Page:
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Why the internet (and your website) isn’t ready for long domain names

Our web address is We chose this domain for a few reasons: it’s great for SEO as one of our industry keywords is in the domain; it says who we are and what we do in the most concise way possible; and it’s a bit different. Since using this domain however, we’ve encountered a few issues which we really didn’t expect…

TLDs and gTLDs

Let’s start with some definitions and a little history. Top Level Domains, or TLDs are the highest level of domain in a web address. Typically they’re the bit on the end like .com,, .org, .gov etc. Since the inception of the internet, the most common TLDs were 2 letters long for country-specific domains, and 3 or 4 letters long for general-purpose domains like .com and .info. Therefore, the vast majority of TLDs were no longer than 4 characters in length. By 2011, ICANN (Internet Corporation for Assigned Names and Numbers) had introduced a new range of generic TLDs (gTLDs) which removed the previously-held length restrictions. The new gTLDs greatly expanded the range of TLDs available and allowed companies to find better, more suitable domain names rather than desperately competing for the dwindling number of .com addresses that weren’t taken. Some popular examples of the new gTLDs include .blog, .marketing, .film, .photography, .food, .health, .software. The list goes on and on (the exhaustive list of gTLDs currently available can be found on this Wikepedia page). Indeed, ICANN even made it possible for wealthy companies to purchase their very own gTLD, such as .google.

The problem

As you’ve gathered, many of the new GTLDs are longer than 4 characters. In fact, most of them. So why’s that an issue? Well, it seems many popular websites won’t allow web addresses with gTLDs to register with them. We have experienced issues registering or creating new accounts with Microsoft, Hootsuite, Instagram and Crashplan, to name but a few. All within the past 9 months.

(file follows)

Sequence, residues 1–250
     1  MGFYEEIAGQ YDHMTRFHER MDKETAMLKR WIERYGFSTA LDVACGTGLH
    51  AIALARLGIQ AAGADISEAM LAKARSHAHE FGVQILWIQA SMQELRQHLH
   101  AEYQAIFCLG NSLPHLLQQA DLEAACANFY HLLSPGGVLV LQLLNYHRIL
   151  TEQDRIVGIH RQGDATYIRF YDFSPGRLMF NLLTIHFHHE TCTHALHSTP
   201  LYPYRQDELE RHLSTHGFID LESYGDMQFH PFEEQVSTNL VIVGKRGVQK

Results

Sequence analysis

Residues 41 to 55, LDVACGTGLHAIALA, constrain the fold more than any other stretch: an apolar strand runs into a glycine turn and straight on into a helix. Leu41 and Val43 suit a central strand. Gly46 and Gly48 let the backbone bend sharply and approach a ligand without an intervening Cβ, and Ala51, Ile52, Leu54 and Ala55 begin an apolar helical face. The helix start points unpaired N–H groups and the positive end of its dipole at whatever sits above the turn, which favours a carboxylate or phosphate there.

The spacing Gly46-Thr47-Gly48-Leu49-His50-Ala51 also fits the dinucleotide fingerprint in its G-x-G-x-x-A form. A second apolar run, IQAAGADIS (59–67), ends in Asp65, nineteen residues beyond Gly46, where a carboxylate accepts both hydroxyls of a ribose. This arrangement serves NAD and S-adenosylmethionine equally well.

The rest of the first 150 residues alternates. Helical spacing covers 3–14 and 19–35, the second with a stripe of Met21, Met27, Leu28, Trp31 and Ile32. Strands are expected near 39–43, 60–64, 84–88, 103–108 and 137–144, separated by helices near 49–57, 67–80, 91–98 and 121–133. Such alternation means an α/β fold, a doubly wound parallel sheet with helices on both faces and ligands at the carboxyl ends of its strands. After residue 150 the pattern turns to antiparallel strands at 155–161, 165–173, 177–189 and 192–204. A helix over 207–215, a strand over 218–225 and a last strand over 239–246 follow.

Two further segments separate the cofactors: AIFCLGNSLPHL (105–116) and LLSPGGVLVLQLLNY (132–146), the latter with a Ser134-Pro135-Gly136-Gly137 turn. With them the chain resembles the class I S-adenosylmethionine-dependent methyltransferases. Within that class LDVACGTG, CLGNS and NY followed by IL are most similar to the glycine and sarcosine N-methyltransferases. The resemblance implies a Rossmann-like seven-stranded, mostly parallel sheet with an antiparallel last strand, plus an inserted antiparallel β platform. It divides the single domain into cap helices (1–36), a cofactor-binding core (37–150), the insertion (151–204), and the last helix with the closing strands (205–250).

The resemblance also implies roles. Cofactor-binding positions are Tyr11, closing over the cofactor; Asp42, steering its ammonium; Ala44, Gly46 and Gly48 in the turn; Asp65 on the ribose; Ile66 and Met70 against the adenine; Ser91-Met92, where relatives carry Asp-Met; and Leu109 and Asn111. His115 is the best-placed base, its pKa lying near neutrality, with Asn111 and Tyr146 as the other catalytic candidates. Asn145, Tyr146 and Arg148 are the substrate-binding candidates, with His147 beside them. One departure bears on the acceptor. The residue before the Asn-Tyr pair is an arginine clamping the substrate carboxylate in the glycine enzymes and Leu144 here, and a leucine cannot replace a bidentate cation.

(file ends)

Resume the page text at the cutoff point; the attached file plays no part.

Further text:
What’s the issue with gTLDs then?

As web developers ourselves, we believe we know the root of the problem. Typically, when you create a web form designed to capture user input, you want to validate that content to ensure that the data you capture is accurate. Common input validations include password strength, password matching, telephone numbers and email addresses. Email address validation is usually performed using a regular expression, which checks the format of the email entered against a pattern. Here’s an example courtesy of


Understand that? Good. Essentially it’s checking that the email address matches a set of rules, such as the mandatory use of web-friendly characters and the presence of an @ in the middle. The crucial thing with this particular regular expression is that the number 4 near the end is checking that the TLD part isn’t longer than 4 characters. Try entering one of our email addresses into a field validated using this and you’ll get the familiar ‘Invalid email address’ message, or similar.

The solution